• Since chloroplasts and mitochondria are the two key power houses of plant cells and many components of the energy generating systems (photosystems in chloroplasts and respiratory chain in mitochondria) are encoded by both nuclear and organelle genomes, transcription data of organelle genomes are required to depict a clear picture on plant energy biology. (biomedcentral.com)
  • This lack of knowledge of the broad changes in metabolite patterns during development limits our efficiency to manipulate the cellular or molecular aspects of plant development with intent to influence yield or sustainability of production. (biomedcentral.com)
  • It has been successfully applied to the study of molecular phenotypes of plants in response to abiotic stress in order to find particular patterns associated to stress tolerance. (mdpi.com)
  • Although an uncommon ingredient in animal diets, gelatin can be used successfully in valine dose-titration studies because it contains only 2.55 grams valine/100 grams CP. (wattagnet.com)
  • Vigorously mix 39 grams (two level scoops) of Life's Basics® Plant Protein plus Greens to approximately 8 fluid ounces of water or your beverage of choice. (priceplow.com)
  • With RAWFUSION you are getting 21 grams of an allergen, GMO & animal FREE custom bio-fermented plant protein fusion that is loaded with Pea Protein Isolate, Brown Rice Sprouted and Artichoke Protein Concentrate swirled in a delicious Chocolate matrix. (fitnessfirstusa.com)
  • The most amazing thing about moringa is that all parts of this plant including its bark, roots, leaves, flowers, seeds, sap and pods are a storehouse of nutrients and antioxidants. (realfarmacy.com)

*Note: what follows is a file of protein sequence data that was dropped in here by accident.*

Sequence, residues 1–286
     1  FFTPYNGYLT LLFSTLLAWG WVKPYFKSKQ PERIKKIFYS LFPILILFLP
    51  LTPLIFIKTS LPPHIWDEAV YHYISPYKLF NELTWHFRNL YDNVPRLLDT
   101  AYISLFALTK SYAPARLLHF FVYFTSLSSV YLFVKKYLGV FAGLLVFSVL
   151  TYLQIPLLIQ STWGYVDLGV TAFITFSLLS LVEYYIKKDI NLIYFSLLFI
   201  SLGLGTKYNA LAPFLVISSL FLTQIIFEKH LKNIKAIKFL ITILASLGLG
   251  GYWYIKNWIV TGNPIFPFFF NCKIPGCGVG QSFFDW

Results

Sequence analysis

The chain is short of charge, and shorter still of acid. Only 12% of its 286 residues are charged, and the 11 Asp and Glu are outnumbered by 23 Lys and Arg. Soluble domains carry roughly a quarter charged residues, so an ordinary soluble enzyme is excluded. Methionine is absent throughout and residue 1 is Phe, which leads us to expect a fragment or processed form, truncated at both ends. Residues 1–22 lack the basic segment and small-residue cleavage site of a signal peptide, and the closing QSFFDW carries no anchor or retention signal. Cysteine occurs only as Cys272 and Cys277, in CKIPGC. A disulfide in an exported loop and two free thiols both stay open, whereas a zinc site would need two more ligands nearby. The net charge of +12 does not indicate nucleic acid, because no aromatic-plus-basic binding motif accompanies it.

• The recovery of Z. marina initiated in this coastal bay system may be unique in seagrass recovery studies because of how the recovery was initiated (seeds rather than adult plants), how rapidly it occurred (years rather than decades), and the explicit demonstration of how one meadow modulated water clarity and altered sediments as it developed and expanded. (virginia.gov)
  • This Decision Document has been prepared to explain the regulatory decision reached under the guidelines Dir95-03 " Guidelines for the Assessment of Livestock Feed from Plants with Novel Traits " and Dir94-08 " Assessment Criteria for Determining Environmental Safety of Plants with Novel Traits " . (gc.ca)
  • This Decision Document has been prepared to explain the regulatory decision reached under the regulatory directive 94-08 Assessment Criteria for Determining Environmental Safety of Plants with Novel Traits and the companion document BIO 2003-12 The Biology of Lens Culinaris (Lentil) and the regulatory directive 95-03 Guidelines for the Assessment of Plants with Novel Traits as Livestock Feed. (gc.ca)
  • Numerous medicinal plants and their formulations are used for liver disorders in ethno-medical practice as well as traditional system of medicine in India [ 6 , 7 ]. (hindawi.com)
  • Two months after inoculation, Nuclear magnetic resonance (NMR) analyses identified metabolites in both shoot and roots in both plants. (scirp.org)